I expect the difference between expectation and actual output to be bigger for a couple of players but factoring in Kamara’s win-now value, he gets the nod for me. It’ll be nearly impossible for him to keep up 2017’s efficiency, given all the yardage and touchdowns he racked up in just 200 targets last season. After tracking his rookie season carries, it became clear that while he’s a great talent (particularly in the passing game), it required an otherworldly performance from his offensive line to push him over six yards per carry. He should be efficient again but (approximately speaking) a drop from six to five yards per carry is a huge deal in aggregate, especially if his touchdowns fall, too. – Stephen Gill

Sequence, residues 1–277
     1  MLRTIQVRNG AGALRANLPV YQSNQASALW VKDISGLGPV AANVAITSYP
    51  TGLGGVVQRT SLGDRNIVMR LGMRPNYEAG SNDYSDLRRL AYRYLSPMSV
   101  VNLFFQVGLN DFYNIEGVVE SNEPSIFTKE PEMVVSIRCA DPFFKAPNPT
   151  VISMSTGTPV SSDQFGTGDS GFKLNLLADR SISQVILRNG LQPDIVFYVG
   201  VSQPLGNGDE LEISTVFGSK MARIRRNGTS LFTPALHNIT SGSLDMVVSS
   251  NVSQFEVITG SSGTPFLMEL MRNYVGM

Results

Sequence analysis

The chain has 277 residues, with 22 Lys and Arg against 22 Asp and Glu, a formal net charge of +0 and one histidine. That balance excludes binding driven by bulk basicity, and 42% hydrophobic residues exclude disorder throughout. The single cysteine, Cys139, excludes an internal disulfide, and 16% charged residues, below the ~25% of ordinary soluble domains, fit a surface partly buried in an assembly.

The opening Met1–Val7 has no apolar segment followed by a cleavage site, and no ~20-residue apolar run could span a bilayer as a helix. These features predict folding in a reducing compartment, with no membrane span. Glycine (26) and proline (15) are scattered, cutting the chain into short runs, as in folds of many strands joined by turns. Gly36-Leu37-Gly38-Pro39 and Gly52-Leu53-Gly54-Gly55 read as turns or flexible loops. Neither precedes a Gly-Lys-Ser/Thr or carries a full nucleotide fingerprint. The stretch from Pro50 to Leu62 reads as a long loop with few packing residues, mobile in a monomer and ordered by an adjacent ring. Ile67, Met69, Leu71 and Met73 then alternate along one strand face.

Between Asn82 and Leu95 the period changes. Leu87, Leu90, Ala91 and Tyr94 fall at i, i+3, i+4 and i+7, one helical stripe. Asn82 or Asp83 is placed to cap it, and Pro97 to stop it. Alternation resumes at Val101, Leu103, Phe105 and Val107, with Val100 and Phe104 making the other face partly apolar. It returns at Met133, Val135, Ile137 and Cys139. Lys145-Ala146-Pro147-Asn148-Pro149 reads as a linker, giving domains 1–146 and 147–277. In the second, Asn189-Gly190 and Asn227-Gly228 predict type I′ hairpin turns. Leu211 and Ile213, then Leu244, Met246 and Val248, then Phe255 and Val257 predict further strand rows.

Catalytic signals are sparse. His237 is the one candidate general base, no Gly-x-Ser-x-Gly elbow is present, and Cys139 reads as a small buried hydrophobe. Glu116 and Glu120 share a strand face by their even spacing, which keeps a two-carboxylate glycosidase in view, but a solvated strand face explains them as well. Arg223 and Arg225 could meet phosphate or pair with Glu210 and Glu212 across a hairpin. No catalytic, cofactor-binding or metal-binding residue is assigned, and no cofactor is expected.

This certainly was not a terrible pick for Tom or Stephen. Kamara had a stratospheric value in the top ten, and was likely near impossible to buy without paying top dollar. Therefore, he would not have to fall off much to be a real disappointment. As it is, Kamara finished the season with over 350 fantasy points through week 16 and was the RB4. He was also the tenth overall player, which is right in line with his August ADP. Nobody who took Kamara at his August ADP is disappointed right now.
Davante Adams, WR GBP